No major sex differences in muscle protein synthesis rates in the postabsorptive state and during hyperinsulinemia-hyperaminoacidemia in middle-aged adults

Gordon I. Smith, Philip Atherton, Dominic N. Reeds, B. Selma Mohammed, Hadia Jaffery, Debbie Rankin, Michael J. Rennie, Bettina Mittendorfer

Research output: Contribution to journalArticlepeer-review

48 Scopus citations

Abstract

Men have more muscle than women, but most studies evaluating sex differences in muscle protein metabolism have been unable to discern sexual dimorphism in basal muscle protein turnover rates in young and middle-aged adults. We hypothesized that the anabolic response to nutritional stimuli (i.e., amino acids and insulin) would be greater in young/middle-aged men than women. We therefore measured the rates of muscle protein synthesis (MPS) in 16 healthy individuals [8 men and 8 women, matched for age (mean ± SE: 37.7 ± 1.5 yr) and body mass index (25.2 ± 0.7 kg/m2)] after an overnight fast (plasma insulin ∼5 μU/ml and plasma phenylalanine ∼60 μM) and during a hyperinsulinemichyperaminoacidemic-euglycemic clamp (plasma insulin ∼28 μU/ml; plasma phenylalanine ∼110 μM; plasma glucose ∼5.4 mM). The rates of MPS were not different between men and women (ANOVA main effect for sex; P = 0.49). During the clamp, the rate of MPS increased by ∼50% (P = 0.003) with no difference in the increases from basal values between men and women (+0.019 ± 0.004 vs. +0.018 ± 0.010%/h, respectively; P = 0.93). There were also no differences between men and women in the basal concentrations of muscle phosphorylated AktSer473, AktThr308, mTORSer2448, and p70s6kThr389 or in the hyperinsulinemia-hyperaminoacidemia-induced increases in phosphorylation of those signaling elements (P ≥ 0.25). We conclude that there are no major differences in the rate of MPS and its intracellular control during basal conditions and during hyperinsulinemia-hyperaminoacidema between young and middle-aged adult men and women.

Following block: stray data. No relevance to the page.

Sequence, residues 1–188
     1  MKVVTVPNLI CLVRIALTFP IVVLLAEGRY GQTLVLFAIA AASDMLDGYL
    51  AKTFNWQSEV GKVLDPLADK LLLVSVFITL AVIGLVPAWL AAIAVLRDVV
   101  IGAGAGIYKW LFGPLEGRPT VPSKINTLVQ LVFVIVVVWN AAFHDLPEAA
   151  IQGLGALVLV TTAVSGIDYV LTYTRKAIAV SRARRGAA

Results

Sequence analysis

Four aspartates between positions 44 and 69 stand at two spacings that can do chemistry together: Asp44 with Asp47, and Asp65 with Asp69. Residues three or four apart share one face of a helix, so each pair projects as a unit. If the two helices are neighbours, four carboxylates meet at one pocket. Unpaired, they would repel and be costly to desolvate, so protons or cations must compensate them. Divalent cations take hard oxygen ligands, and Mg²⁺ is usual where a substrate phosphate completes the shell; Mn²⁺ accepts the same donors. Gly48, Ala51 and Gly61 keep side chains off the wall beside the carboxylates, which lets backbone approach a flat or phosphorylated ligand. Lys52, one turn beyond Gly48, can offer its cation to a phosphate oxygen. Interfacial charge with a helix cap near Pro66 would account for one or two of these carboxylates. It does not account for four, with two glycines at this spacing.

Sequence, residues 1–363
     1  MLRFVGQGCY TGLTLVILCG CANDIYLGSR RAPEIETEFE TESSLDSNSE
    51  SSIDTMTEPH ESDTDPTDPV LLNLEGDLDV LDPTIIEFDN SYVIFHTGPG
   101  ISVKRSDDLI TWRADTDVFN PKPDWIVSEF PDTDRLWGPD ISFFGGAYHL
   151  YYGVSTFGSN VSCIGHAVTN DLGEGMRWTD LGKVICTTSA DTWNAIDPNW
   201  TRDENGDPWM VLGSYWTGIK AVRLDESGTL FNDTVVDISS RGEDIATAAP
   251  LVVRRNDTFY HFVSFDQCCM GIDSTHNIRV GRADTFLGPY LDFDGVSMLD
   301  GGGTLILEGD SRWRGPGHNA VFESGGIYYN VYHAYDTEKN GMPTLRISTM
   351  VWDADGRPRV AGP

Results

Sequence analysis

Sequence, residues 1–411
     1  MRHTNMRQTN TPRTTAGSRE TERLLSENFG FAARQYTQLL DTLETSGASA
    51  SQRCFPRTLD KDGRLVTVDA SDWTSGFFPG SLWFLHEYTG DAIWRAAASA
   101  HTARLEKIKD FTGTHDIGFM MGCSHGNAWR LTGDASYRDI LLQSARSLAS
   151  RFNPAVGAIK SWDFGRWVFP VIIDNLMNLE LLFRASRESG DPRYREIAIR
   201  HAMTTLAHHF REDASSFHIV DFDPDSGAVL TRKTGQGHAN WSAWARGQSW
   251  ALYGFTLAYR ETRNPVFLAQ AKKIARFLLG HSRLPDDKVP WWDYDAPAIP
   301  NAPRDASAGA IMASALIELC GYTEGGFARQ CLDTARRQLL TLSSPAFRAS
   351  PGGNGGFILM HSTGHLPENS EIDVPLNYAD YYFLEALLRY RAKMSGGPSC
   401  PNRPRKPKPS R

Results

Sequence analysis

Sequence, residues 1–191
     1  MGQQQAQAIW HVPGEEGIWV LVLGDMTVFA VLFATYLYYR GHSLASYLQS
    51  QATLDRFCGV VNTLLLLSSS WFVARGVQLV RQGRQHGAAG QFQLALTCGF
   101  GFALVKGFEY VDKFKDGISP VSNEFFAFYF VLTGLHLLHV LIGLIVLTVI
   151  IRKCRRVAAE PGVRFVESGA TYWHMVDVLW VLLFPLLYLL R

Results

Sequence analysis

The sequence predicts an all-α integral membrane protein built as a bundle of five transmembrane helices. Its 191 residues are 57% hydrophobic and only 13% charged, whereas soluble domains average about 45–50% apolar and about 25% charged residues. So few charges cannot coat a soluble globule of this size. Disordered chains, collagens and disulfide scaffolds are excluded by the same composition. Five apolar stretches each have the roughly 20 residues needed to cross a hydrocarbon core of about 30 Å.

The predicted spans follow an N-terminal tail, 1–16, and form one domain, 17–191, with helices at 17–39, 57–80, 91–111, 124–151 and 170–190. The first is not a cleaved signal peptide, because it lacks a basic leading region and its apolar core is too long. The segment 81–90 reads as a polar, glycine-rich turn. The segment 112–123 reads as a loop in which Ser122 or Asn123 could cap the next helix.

Original languageEnglish
Pages (from-to)1308-1315
Number of pages8
JournalJournal of Applied Physiology
Volume107
Issue number4
DOIs
StatePublished - Oct 2009

Keywords

  • Protein metabolism
  • Signal transduction

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